The 22-acre parcel now called Victory Woods, was donated to the park from Victory Mills Packaging in the 1970s, but could not be developed until 2005 when the park secured a management plan and necessary funding. Since then, the park moved ahead with archeological and landscape assessments, research, public workshops, design and construction plans. The park worked closely with the Prospect Hill Cemetery Association and the Village of Victory – two vital partners that provided access to link the site with the Saratoga Monument.
One of the most attention-grabbing findings during archeology work were artifacts found from indigenous peoples between 5,000 and 8,000 years ago, yet remains from the 1777 British occupation were lost to archeological looting over the years. The loss of this archeological record is significant, although archival documents from the period were extensively researched resulting in a series of exhibit panels that paint a vivid picture of the final days of the British Army in Victory Woods.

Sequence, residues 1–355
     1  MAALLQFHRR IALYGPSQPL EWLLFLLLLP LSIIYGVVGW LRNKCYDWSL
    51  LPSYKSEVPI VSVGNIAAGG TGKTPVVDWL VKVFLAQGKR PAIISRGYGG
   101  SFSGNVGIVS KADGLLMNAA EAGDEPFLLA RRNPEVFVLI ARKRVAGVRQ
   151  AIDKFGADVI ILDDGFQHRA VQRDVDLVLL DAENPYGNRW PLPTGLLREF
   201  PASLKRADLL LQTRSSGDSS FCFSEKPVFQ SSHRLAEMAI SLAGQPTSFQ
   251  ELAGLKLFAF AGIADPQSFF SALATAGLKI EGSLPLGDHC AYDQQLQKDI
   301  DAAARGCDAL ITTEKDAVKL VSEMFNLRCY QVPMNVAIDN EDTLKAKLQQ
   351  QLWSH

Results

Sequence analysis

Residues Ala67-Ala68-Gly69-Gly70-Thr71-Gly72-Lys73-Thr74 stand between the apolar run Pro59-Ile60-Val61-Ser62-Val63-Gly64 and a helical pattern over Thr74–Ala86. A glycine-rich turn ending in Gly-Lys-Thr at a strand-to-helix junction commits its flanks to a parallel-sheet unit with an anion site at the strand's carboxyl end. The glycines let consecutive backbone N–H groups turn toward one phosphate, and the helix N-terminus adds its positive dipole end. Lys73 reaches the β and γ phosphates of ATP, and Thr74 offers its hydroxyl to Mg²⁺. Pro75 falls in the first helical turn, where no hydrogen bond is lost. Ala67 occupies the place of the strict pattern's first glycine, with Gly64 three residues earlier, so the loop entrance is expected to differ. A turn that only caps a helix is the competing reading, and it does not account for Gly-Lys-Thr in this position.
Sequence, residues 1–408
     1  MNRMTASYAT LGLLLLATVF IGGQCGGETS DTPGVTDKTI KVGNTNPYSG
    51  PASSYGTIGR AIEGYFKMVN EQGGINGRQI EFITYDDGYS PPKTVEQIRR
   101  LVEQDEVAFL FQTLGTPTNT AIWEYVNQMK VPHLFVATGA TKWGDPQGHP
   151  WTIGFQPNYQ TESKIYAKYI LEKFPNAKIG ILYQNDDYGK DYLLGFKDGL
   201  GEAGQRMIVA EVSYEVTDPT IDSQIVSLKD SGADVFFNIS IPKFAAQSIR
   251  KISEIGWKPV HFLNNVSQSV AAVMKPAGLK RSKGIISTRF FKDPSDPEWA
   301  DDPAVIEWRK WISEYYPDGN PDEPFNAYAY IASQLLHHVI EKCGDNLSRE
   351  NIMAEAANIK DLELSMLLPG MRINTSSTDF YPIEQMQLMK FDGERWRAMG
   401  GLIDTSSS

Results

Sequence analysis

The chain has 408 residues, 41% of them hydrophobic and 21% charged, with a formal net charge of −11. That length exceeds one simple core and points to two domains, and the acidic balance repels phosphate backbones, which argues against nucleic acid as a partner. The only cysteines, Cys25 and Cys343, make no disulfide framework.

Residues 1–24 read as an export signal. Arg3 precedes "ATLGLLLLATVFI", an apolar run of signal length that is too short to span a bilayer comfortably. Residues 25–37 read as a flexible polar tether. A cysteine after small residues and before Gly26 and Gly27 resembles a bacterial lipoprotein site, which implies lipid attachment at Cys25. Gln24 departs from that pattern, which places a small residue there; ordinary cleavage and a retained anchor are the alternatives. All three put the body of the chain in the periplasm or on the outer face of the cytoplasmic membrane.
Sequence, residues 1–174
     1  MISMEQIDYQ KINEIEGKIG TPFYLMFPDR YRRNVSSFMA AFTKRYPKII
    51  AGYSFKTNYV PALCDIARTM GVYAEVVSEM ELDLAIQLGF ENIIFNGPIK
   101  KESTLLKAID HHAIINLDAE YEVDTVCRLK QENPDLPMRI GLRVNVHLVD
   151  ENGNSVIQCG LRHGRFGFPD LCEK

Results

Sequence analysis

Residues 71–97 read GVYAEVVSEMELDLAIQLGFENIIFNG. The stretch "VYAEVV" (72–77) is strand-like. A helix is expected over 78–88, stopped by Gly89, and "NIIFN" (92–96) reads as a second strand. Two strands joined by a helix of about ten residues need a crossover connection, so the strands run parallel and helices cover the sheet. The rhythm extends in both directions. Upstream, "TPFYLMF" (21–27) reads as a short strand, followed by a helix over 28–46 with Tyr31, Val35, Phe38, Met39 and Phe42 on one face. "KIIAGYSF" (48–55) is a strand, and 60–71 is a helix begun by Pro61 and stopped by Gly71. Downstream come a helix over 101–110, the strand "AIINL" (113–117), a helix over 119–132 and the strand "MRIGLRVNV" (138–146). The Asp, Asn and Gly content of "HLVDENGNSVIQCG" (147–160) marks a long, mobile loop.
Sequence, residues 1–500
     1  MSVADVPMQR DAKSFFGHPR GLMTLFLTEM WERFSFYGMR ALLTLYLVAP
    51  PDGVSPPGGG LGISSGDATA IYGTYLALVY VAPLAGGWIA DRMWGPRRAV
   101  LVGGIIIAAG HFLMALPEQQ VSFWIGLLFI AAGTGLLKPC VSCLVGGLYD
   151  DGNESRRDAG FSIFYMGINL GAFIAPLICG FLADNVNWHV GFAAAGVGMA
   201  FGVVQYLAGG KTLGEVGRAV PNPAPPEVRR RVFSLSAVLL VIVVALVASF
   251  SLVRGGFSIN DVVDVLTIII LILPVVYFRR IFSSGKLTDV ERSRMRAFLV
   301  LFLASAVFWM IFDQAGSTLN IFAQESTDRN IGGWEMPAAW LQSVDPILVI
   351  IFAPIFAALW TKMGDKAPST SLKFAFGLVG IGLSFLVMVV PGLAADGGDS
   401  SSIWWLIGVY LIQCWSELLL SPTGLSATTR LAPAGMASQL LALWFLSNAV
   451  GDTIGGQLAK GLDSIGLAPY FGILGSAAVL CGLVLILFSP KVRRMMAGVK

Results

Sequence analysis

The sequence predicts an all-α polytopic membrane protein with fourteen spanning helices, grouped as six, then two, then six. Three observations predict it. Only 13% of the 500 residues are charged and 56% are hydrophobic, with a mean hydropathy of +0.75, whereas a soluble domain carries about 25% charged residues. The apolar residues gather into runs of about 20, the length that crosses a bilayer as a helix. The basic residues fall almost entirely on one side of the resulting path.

The event will kick off with comments by local officials, a ranger talk about the site’s dramatic history and ribbon cutting. Then participants will join park rangers for a walk along the 1-mile round-trip trail. A bus will be available to bring visitors with special mobility needs to the accessible boardwalk section of the trail. Both groups will meet there for a ribbon cutting of the accessible boardwalk trail section.
After June 5, the trail will be open daily from dawn to dusk and occasional ranger-guided walks will be scheduled throughout the summer. Soon, the trail will also link with the Champlain Canal Trail and other developing trails in the area. For more information, please contact the Visitor Center by calling 518-664-9821 ext. 224, or check the Park website at